Simon Calver has certainly had a busy first six months at the helm at Mothercare – and he’s already seeing results.
The retailer has stemmed losses in its first half and sales trends are starting to improve – it even crept into UK like-for-like growth in its second quarter, following ten consecutive quarters of decline. He’s making Mothercare’s turnaround seem like child’s play.
However, Calver isn’t resting on his laurels. “It’s still a loss. We recognise that and are focused on getting the UK back to profitability,” he says.
Already Calver has managed the retailer’s website relaunch, debuted its new store format, developed new fashion lines such as Jools Oliver’s Little Bird collection and, perhaps most significantly, lowered its prices.
The retailer, which has been floundering in the UK for some time, has suffered at the hands of Amazon and the grocers, which have eaten away some of its share of the maternity market.
One of the main reasons it has lost share was its inability, or unwillingness, to compete on price with these players which took its toll on sales. The retailer had its fair share of footfall; 90% of pregnant women visit a Mothercare store yet this wasn’t converting into sales as better deals were available elsewhere.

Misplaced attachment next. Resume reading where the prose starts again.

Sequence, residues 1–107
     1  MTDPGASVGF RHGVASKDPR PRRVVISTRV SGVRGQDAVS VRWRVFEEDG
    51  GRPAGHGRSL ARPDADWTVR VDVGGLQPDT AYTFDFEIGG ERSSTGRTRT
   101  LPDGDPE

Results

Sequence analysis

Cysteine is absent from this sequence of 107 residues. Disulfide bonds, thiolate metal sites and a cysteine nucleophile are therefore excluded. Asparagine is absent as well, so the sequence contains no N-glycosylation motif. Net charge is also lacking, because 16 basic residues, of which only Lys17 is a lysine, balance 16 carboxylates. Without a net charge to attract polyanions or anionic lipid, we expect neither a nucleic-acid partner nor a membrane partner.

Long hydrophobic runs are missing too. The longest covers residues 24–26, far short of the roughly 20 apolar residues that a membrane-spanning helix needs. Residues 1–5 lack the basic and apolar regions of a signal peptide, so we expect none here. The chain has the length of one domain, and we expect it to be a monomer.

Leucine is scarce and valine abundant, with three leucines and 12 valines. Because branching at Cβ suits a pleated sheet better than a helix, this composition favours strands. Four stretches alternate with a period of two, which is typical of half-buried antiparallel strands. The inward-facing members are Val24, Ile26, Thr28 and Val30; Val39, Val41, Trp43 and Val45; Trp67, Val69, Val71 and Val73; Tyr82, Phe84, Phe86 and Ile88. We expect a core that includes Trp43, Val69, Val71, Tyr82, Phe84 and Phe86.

However, Mothercare has now upped its game and is ready to fight back. Lowering prices has had an immediate impact on sales and it has had to re-buy stock for its value lines because of its popularity.
The retailer had initially made this move in clothing but is widening this to big ticket items such as home and travel, where Calver says it is already making market share gains.
His moves to improve the Mothercare store environment is also making headway and he revealed to Retail Week that sales in its revamped Edmonton store are up 30%. However, Calver is still striving for more and says he ranks the store design at “about six or seven out of 10”.
Although the potential for growth is strong, Calver is not making false promises. He isn’t trying to spin a line about Mothercare’s “phenomenal turnaround”.
He points out that the small like-for-like growth last quarter was due to weaker comparatives last year and warned that like-for-like growth shouldn’t be expected over Christmas.
He’s cautious about the golden quarter and acknowledges how tough the market, so he’s ensuring he keeps his nose to the grindstone,
He says: “Sir Philip’s talked about people needing to stop whingeing and get on with things. That’s what we’re doing.”